As primary predators of night-flying insects, bats play a vital role in maintaining the balance of nature. A single little brown bat can catch 1,200 mosquito-sized insects in an hour, and big brown bats are important predators of some of America's most costly crop pests. Cucumber beetles, June beetles, bark beetles, stink bugs, leafhoppers, cutworm moths, corn earworm moths, armyworm moths, termites, assassin bugs, ants, roaches, crickets, and grasshoppers are just some of the many pests known to be consumed by America's bats. Yet, bat populations are in alarming decline due to decades of unwarranted human fear and persecution.

As traditional roosts in trees and caves have been destroyed, many of North America's bats have been forced to seek shelter in man-made structures. An understanding of the habits of these beneficial animals can help solve problems that sometimes develop when bats roost in buildings. The following pages provide details about safe, effective methods for permanently evicting bats from buildings when necessary. These methods help ensure the safety of both humans and bats.

Guidelines excerpted from

Bats in Buildings: An Information and Exclusion Guide
Barbara French, Laura Finn and Mark Kiser

For detailed information on bats in buildings and a list of professional bat excluders in your area,

visit Bat Conservation International at: http://www.batcon.org/

Common entry points on homes and buildings include corners, eaves and louvres.

Where do bats roost?
Bats may roost in attics, soffits, louvers, chimneys, under siding, eaves, roof tiles or shingles and behind shutters (see diagram). In sports stadiums and parking garages, bats sometimes roost in expansion joints between concrete beams. They can enter through openings as small as one-half inch in diameter (1.3 cm). Common points of entry include open windows or doors, broken or poorly-fitted screens, loose or missing shingles or tiles, places where flashing or boards have come loose and locations where pipes or wiring enter buildings. Openings often occur where walls meet the eaves at the gable ends of an attic, where porches attach to the main part of a house, or where dormers meet the roof. Other points of entry are associated with siding. For example, cracks and crevices are often created where siding forms corners, or at places where it meets windows, doors or chimneys (see diagram). Bats can sometimes be detected by the presence of black or brown stains from body oils or droppings around cracks or crevices formed by ill-fitting building materials. Bat droppings may also appear on walls, under porches or decks, or on floors beneath dilapidated ceilings. Bat droppings are dark and do not contain any white material. Although they may resemble small hard rodent pellets, bat droppings are soft and easily crushed, revealing shiny insect parts.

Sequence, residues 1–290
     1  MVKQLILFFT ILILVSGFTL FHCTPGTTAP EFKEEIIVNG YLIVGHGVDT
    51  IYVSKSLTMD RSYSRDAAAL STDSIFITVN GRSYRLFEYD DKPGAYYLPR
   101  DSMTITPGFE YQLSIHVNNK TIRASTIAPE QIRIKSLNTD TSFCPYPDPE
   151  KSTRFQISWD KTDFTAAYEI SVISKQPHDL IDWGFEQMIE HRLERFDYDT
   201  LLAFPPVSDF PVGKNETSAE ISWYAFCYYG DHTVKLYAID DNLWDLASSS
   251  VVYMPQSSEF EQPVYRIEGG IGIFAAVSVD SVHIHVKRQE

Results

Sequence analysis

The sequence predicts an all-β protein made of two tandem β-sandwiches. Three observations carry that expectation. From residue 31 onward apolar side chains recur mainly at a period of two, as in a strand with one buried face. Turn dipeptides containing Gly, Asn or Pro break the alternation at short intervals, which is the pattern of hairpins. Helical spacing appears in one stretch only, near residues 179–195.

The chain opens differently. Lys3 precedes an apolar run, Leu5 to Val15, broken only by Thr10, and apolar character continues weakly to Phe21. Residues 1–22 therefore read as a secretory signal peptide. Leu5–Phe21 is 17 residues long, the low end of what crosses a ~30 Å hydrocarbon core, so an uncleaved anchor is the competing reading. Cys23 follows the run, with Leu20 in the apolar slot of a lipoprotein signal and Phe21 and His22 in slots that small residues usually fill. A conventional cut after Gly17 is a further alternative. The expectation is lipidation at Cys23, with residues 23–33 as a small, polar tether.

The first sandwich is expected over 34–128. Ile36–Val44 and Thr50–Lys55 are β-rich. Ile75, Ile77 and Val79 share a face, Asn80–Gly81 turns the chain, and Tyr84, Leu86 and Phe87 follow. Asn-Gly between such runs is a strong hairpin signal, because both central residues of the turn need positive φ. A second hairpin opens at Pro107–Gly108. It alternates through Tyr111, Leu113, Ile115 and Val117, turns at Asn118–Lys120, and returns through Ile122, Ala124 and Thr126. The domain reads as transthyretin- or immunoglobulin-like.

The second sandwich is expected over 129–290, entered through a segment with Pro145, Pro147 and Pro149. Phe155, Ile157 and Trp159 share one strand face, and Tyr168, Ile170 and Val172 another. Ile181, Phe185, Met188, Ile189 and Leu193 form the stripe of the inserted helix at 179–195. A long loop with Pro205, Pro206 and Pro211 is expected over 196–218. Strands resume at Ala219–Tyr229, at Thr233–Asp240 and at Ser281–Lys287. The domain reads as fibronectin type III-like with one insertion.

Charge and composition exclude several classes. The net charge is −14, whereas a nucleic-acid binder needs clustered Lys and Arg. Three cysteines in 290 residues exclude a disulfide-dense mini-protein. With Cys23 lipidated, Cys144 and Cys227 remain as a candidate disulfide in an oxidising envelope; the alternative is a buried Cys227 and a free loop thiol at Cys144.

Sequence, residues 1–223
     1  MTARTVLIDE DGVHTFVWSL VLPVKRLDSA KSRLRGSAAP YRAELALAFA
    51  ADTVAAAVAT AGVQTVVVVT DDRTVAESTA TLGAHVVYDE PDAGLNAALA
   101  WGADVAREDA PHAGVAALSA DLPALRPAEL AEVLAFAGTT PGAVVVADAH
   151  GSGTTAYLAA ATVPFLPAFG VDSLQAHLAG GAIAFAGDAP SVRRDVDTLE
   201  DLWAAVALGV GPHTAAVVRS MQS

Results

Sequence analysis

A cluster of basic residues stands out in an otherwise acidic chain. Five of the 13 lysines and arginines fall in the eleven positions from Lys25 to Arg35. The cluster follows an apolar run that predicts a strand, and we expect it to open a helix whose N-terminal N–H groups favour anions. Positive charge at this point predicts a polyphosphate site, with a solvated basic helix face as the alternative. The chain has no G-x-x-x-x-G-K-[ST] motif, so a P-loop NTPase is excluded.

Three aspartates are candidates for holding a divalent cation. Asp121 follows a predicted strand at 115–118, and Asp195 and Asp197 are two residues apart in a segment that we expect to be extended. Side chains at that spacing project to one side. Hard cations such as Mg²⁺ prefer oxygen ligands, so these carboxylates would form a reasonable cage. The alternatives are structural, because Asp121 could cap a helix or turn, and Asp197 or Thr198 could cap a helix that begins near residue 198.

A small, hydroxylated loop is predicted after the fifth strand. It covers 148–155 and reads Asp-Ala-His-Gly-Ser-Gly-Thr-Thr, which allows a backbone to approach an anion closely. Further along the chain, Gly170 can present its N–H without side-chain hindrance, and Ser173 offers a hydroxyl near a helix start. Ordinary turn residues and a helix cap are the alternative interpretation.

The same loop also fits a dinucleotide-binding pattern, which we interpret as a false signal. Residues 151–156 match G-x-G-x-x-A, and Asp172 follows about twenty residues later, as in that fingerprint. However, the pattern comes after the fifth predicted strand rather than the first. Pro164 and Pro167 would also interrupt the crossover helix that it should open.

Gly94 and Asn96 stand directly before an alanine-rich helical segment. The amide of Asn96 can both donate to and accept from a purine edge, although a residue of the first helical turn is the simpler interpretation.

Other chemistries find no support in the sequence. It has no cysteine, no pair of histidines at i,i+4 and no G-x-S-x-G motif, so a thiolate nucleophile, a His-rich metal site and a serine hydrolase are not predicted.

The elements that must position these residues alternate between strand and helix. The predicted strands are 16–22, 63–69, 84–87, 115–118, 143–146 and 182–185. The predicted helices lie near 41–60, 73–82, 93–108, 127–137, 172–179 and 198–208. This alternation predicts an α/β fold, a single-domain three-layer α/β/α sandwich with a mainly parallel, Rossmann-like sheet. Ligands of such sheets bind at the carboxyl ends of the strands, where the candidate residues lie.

Providing a safe exit for bats

There is little reason to evict bats from buildings where they are not causing a nuisance. However, bats should be prevented from entering human living quarters. This can be accomplished by inspecting the inside of a building for small openings through which bats could enter. All openings connecting the attic or other roosting areas to inside living quarters should be sealed, although entry points on the outside of the building should be left open, allowing bats to exit. Draft-guards should be placed beneath doors to attics; electrical and plumbing holes should be filled with steel wool, caulking or weather-stripping. Bats have small teeth for eating insects; they do not gnaw through wood or other building materials like rodents. Caulking, flashing, screening or insulation can be used to seal most openings on the inside. Expanding urethane foam products should not be used to seal cracks where bats are active, because they can become caught in it. Caulk should also be applied early in the day so that it has time to dry before bats emerge in the evening.